Film

Knives Out


Knives Out (2019)
★★★★ / ★★★★

The funny thing is, for a whodunit picture, it is not difficult to figure out the person, or persons, responsible, directly or indirectly, for killing Harlan Thrombey (Christopher Plummer), a renowned mystery novelist who has so much wealth, his grown children cannot help but to act like vultures even before his barely cold body is in the ground. Needless to say, it is also not at all a challenge to determine the motive for the murder. The joy, however, is embedded in the question of how. The answers are so specific and executed with so much vitality that when they are revealed eventually, they kind of just take your breath away. This is the writer-director Rian Johnson that I know, the mind behind inspired works like “Brick” and “Looper.” He is in top form here.

Funnier still is that the more I tried to answer the questions using only my brain, substantive solutions prove to become more elusive. Therein lies its source of enjoyment: Because Johnson is aware that we will approach the puzzle in this manner, he must create enough kinks in the screenplay that upends our expectations. It seems we are dealing with an ordinary mystery—and in plenty of ways it is—but it is far more self-aware than it purports itself to be. Even those most experienced with mystery stories are likely to have a ball with this.

We are introduced to a slew of colorful characters with abrasive personalities—every one of them suspicious. There is, of course, Harlan’s children: eldest Linda (Jamie Lee Curtis) who found success in the real estate business and youngest Walt (Michael Shannon) who functions as the acting CEO of his father’s publishing company. The middle child, Neil, passed away years prior, but his spouse Joni (Toni Collette), a lifestyle guru, remains highly connected to the family. The expertly paced initial interview shows us three facts: 1) their relationship with the deceased is strained but complex, 2) they are capable of lying—even though they may not be very good at it, and 3) they are hardwired to protect the family legacy. Putting on a successful front is an absolute must; when it is threatened, they react as though it is a national calamity. Clearly, these people, including their offsprings (Chris Evans, Katherine Langford, Jaeden Martell), are born and bred in privilege. It is the only lifestyle they know.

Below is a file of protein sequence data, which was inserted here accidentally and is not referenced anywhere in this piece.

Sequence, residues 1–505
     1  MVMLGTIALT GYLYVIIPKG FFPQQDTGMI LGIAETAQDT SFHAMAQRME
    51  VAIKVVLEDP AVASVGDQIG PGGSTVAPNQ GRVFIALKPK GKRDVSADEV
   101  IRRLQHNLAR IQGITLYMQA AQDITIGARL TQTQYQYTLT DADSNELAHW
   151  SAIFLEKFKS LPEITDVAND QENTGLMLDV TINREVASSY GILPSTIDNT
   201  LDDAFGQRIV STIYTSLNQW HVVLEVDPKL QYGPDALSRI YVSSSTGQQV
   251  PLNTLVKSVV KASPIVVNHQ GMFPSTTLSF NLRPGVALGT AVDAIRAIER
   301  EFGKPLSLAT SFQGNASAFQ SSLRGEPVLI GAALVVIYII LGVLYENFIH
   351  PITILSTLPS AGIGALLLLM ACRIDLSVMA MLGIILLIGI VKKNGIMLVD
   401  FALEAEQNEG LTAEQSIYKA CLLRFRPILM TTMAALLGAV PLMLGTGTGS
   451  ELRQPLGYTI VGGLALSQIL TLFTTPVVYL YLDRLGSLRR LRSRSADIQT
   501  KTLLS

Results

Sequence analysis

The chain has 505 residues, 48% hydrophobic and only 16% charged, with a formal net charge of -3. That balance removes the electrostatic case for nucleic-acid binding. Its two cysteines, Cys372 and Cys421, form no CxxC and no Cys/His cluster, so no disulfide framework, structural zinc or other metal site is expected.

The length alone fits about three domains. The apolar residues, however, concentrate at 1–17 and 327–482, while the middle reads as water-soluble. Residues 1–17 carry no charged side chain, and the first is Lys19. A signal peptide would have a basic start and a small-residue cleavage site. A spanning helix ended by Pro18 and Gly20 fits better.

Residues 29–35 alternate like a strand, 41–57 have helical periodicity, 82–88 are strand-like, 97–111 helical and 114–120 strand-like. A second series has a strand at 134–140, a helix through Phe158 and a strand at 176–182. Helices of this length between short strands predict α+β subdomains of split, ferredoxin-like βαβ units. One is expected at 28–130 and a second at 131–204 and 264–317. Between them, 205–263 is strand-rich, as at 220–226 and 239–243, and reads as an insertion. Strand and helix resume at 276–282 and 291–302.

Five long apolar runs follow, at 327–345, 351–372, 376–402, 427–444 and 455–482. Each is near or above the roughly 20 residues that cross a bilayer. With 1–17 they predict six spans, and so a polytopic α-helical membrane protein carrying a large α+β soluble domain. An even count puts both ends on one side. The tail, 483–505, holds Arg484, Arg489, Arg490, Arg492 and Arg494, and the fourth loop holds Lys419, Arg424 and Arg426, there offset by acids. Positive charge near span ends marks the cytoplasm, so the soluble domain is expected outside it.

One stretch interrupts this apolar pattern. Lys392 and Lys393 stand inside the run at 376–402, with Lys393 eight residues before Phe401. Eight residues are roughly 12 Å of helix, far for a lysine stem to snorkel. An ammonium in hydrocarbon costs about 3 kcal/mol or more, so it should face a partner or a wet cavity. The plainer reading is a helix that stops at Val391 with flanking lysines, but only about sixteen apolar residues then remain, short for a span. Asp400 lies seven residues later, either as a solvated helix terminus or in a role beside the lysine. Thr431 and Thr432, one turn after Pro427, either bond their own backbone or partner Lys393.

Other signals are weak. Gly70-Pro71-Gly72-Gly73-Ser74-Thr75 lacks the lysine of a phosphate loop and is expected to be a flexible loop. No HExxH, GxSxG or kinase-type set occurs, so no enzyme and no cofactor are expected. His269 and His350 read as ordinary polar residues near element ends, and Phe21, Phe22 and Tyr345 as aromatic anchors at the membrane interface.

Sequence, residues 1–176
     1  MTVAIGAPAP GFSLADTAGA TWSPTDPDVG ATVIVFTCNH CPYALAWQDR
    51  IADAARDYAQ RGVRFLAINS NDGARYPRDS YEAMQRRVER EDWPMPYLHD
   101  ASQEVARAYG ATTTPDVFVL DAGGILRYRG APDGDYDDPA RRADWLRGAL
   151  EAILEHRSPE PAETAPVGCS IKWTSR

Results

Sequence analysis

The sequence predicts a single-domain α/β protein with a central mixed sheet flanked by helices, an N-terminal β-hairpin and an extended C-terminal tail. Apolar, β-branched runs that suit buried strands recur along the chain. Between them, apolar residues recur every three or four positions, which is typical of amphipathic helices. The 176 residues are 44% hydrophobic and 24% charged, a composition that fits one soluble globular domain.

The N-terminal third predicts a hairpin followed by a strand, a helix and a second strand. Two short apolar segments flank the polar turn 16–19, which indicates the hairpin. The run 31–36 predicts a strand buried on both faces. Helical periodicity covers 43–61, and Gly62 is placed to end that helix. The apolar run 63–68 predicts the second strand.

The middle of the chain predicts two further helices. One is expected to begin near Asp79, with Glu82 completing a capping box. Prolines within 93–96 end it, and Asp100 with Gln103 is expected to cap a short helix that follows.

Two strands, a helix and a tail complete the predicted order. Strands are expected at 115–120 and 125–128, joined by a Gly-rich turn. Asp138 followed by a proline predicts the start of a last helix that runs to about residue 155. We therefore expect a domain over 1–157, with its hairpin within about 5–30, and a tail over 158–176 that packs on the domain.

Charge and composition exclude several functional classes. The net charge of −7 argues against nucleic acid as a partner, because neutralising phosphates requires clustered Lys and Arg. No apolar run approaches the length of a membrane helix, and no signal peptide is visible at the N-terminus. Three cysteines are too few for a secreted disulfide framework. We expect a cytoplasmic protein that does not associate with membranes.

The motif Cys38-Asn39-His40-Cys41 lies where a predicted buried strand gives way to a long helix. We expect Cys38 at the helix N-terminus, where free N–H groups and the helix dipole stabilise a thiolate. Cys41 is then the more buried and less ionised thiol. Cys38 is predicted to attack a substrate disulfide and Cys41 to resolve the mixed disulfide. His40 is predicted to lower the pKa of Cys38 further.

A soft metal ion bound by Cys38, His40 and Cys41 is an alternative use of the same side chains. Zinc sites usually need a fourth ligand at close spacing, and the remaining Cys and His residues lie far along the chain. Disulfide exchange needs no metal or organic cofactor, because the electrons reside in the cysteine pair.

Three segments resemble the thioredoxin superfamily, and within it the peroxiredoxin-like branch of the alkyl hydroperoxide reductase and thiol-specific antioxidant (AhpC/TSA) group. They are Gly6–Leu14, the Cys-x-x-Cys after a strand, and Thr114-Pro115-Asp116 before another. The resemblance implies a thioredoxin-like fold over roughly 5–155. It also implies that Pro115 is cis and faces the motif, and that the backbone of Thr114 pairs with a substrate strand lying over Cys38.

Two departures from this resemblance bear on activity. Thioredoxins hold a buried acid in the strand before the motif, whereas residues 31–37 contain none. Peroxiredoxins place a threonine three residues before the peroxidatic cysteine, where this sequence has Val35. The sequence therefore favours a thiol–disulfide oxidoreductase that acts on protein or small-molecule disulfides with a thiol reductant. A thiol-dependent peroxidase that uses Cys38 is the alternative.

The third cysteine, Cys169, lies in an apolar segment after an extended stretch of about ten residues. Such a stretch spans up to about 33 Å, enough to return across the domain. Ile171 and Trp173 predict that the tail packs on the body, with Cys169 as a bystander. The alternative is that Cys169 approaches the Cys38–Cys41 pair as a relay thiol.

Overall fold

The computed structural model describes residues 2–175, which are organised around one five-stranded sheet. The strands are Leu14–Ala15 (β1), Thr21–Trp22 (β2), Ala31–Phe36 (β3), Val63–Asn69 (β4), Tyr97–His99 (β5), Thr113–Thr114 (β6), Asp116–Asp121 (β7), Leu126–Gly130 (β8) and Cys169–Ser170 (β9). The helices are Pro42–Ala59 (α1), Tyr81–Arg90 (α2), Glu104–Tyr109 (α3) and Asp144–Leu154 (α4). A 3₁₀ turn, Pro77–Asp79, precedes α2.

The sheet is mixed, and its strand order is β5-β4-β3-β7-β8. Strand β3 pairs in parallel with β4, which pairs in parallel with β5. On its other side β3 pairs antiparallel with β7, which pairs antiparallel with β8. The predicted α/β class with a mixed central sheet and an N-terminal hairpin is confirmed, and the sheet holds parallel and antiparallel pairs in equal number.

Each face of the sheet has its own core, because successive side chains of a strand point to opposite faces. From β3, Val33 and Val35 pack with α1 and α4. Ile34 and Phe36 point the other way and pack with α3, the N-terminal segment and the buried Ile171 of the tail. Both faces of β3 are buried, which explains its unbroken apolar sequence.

The investigation is led by Detective Elliot (Lakeith Stanfield) and he is supported by private detective Benoit Blanc (Daniel Craig). I wished the former had more of the central role in the case despite the latter’s sterling reputation as an investigator. I did not get a definitive impression of how Elliot thinks, specifically his style of deduction. It would have been preferred to show the duo working together, even clashing on occasion. Blanc, on the other hand, is full of personality. He is attentive, quick-witted, and amusing in the way he underplays his dry sense of humor. When he speaks, it is often to make a point. And when he is silent, well, he remains a presence. He is the type of person with whom you wish to know his take. Craig plays Blanc with gusto, charm, and urgency. It is one of his more memorable roles in a while.

Another crucial piece of the mystery involves Harlan’s nurse named Marta (Ana de Armas). From a Latin immigrant family, she is our conduit to the Thrombey’s posh bubble. The script is peppered with timely social commentary in regards to how white folks of privilege tend to look down on ethnic minority groups by way of kind words and actions. “You’re almost like a part of this family.” We are meant to cringe and feel uncomfortable. And laugh, too, at its honesty.

The intelligently written and thoroughly entertaining “Knives Out” never betrays the audience despite numerous high-stake left turns. It invites the viewers to look closely, to recognize possible red herrings, to understand how characters think and predict how they might respond. We hang onto every line because a clue may be lodged in there.

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